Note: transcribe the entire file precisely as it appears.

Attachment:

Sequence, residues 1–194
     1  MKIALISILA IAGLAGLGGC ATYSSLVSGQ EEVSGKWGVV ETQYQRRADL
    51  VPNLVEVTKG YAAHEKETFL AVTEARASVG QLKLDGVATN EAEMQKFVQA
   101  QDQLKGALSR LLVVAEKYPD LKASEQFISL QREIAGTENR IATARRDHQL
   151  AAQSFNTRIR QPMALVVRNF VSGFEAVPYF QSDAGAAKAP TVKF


Sequence, residues 1–194
     1  MKIALISILA IAGLAGLGGC ATYSSLVSGQ EEVSGKWGVV ETQYQRRADL
    51  VPNLVEVTKG YAAHEKETFL AVTEARASVG QLKLDGVATN EAEMQKFVQA
   101  QDQLKGALSR LLVVAEKYPD LKASEQFISL QREIAGTENR IATARRDHQL
   151  AAQSFNTRIR QPMALVVRNF VSGFEAVPYF QSDAGAAKAP TVKF